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Have you ever read about someone, or watched someone on TV, or listened to someone on the radio and thought, “Blimey, I like you,” without actually having met them?

Of course you have. We do it all the time. Every single day. Whether it’s a TV personality, a blogger, a newspaper columnist or someone you follow on Twitter, we all have connections with people we’ve never met in real life.

Tamsyn is one of those people for me.

When I started this blog back in February last year, I stumbled across a handful of other bloggers within a month or so. Tamsyn’s blog, Anecdotes of a Manic Mum, became one of my regular reads.

I drank in stories of her life with her four young children and husband in France. I looked at photographs of their home and chickens and beautiful surroundings, often remarking to my own husband that we should up sticks and go in search of a simpler life across the Channel.

I laughed at Tamsyn’s stories of manic mum-ness, children’s birthday parties, rare nights out and family days at home. I admired her ability to juggle everything and stay forever positive and bubbly.

I knew I would like Tamsyn if I were to meet her in real life.

And then this woman who I’d so come to like suffered a terrible blow. The kind of knock that many of us would not recover from, let alone battle and fight in the way that Tamsyn has.

In October last year (pretty much a year to the day) Tamsyn’s husband Alex was involved in an accident. He arrived home after a normal rugby session feeling very ill. Within 24 hours it was apparant Alex had suffered a severe brain injury.

Over the past year I’ve read Tamsyn’s heartbreaking letters to her husband. I’ve read about dark times when she was alone in the house with her children, not wanting to cry too loudly in case she woke them. I’ve read about her unstinting belief in her husband and the positivity she has had to exude to keep her family going. I’ve read about moments when she didn’t know if he was going to survive, waiting for a phone call to tell her if an operation had been successful or not.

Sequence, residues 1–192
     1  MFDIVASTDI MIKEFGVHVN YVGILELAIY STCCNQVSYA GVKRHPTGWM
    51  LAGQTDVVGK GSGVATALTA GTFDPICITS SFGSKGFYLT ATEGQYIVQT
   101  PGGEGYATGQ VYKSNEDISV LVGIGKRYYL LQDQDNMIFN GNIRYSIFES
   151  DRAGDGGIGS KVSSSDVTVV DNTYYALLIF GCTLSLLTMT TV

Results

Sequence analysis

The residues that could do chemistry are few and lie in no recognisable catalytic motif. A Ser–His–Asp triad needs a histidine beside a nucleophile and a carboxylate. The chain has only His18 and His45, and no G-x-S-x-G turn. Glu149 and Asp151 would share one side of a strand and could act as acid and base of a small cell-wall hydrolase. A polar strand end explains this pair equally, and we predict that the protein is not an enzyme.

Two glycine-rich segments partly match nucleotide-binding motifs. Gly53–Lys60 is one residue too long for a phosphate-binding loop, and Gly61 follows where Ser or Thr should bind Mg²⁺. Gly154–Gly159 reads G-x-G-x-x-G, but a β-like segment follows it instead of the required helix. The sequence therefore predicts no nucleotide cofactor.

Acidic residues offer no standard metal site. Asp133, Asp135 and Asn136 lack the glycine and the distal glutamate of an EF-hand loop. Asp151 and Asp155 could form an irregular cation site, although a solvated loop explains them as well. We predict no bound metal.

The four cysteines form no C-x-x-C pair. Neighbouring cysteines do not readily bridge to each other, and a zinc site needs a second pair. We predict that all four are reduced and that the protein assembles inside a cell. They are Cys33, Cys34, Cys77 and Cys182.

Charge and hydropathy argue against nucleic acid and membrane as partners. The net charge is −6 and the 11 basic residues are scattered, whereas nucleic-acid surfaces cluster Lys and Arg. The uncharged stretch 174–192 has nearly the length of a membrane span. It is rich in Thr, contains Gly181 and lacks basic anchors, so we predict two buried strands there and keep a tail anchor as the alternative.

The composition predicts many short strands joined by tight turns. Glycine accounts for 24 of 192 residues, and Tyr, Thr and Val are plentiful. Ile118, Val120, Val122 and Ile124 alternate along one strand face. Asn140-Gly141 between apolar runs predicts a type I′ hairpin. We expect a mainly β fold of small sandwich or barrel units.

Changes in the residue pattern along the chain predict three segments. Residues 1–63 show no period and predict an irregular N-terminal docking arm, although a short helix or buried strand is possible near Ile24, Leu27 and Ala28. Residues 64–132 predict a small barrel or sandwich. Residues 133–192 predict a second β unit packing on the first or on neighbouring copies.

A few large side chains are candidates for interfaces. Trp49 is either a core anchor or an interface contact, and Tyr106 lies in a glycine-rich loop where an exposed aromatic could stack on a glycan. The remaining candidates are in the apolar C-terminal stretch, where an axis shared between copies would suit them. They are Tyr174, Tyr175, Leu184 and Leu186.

I’ve read about Tamsyn’s struggle to come to terms with her husband’s current physical state, blind and severely disabled. I’ve read about her acceptance that she had to bring her family back home, to Oxfordshire. I’ve read through my own tears as I’ve put myself in this brave woman’s shoes and wondered how on earth I would cope in that situation.

But cope she has. More than cope. Tamsyn is a fighter. She has fought the system that withdrew her benefits, leaving her with no money to feed and clothe her four children. She has fought against administrative tape that saw her severely disabled, recovering husband put up for a job interview by the team overseeing her benefits payments. She has fought and shouted and appeared on TV, to have a neverending nightmare of a situation resolved.

And now Tamsyn needs help to shout and fight, because she is just one woman – and we are many.

So within the last 24 hours, a campaign has been launched. The team at Babyhuddle have pledged to donate £2.50 to Tamsyn for every product review written on their site. T’shirts are on sale, with the Making Waves for Alex logo. Fundraising efforts are in full force.

Tamsyn needs money to help her husband on his long road to recovery. She needs support and voices to help her shout about her appeal.

So if you can do ONE thing for Tamsyn today, choose one of the following:

  • Share this post on Facebook and Twitter and use the #do1thing4tamsyn and #makingwaves hashtags on Twitter
  • Share or tweet the Making Waves of Alex website
  • Share Tamsyn’s story by blogging about it and embedding the video featured on the post at Babyhuddle.
  • Buy a Making Waves for Alex t’shirt and post a picture of you wearing it

Do just one thing for Tamsyn. Remember, she is one person – we are many.


UPDATE: : Since this post went live on Wednesday, it’s become clear Tamsyn needs help more than ever. She found out her funding was cut this week, meaning her husband will be transferred to a care home unless this decision is reversed.